Another common female dog on heat behaviour is nesting. It is the maternal instinct to create a safe space to have and care for puppies.
A female dog in heat will make a den out of laundry, pillows, toys, newspapers, and anything she sees fit to keep her puppies comfortable.
Common Behaviour of a Female Dog in Heat #5
Receptive to Mating
Being open to attention is another evident female dog heat behaviour. Your canine companion will become more friendly toward male dogs.
She might “flirt” by moving her tail to the side and allowing them to sniff and lick her rear end. It is a sign that she is ready to mate.
Common Behaviour of a Female Dog in Heat #6
Mounting and Humping
Contrary to popular belief, male pooches are not the only ones prone to doing this dog in season behaviour. Females also mount and hump male dogs or dogs of the same sex as an arousal response. Furniture, other pets, and even human companions may become their targets as well.
4 Stages of a Dog’s Heat Cycle
What are the 4 stages of a dog in heat? Heat cycles in canines have 4 stages, which are respectively pro-oestrus, oestrus, dioestrus, and anestrus.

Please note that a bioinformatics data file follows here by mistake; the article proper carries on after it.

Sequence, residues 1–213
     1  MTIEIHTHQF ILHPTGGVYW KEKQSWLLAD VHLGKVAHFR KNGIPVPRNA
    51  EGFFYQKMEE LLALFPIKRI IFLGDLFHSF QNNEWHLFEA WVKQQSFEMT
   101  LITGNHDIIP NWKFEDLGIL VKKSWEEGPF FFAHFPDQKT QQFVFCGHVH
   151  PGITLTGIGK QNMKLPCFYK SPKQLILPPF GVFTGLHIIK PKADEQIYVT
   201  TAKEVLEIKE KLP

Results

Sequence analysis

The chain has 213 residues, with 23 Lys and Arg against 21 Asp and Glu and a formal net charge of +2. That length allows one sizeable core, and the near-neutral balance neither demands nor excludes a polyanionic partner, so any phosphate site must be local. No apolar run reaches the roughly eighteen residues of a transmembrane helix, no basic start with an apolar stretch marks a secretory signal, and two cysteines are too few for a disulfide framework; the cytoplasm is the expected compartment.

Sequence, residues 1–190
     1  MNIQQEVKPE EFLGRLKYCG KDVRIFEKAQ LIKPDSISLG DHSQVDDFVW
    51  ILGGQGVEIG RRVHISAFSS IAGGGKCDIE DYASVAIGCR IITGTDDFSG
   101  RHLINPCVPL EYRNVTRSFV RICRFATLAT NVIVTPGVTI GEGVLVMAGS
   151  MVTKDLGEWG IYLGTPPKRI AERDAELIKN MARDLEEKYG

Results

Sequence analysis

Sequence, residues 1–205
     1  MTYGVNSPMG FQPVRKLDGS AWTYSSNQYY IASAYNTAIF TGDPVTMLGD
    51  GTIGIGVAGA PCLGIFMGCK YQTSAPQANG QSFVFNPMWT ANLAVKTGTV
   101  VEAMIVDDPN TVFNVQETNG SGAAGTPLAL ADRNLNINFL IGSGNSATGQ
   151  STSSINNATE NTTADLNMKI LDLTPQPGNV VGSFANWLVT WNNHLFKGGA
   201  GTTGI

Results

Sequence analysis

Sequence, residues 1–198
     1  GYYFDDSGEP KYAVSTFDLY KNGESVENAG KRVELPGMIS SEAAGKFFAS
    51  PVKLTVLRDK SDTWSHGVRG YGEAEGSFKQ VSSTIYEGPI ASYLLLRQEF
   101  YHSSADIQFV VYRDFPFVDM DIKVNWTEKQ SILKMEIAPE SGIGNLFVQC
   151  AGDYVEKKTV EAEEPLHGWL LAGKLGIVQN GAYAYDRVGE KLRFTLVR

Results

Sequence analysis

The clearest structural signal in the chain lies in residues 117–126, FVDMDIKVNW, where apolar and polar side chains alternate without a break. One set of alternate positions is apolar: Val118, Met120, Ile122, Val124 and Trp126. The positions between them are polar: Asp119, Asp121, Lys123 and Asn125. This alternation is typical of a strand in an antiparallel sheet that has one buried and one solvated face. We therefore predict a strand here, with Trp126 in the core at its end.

1. Pro-oestrus Stage
This stage marks the beginning of a dog’s heat period, which lasts around 7–10 days. For some canines, it can last up to 17 days. Some common behaviours of a female dog in heat that may occur during this stage are:
- Vaginal bleeding and discharges
- Swelling of the vulva
- Behavioural changes
- Excessive licking of the private parts
Your dog will start to attract the attention of male dogs. However, she is not ready to mate yet and will not welcome their advances.
2. Oestrus Stage
A female dog is fertile, and she is receptive to mating when her heat cycle reaches this stage. The time length of oestrus in canines is about 3–10 days. In some cases, it can run up to 21 days.
The common behaviours of a female dog in heat that your pooch may exhibit around this time:
- Increased urination
- Mounting and humping
- Flirting with male dogs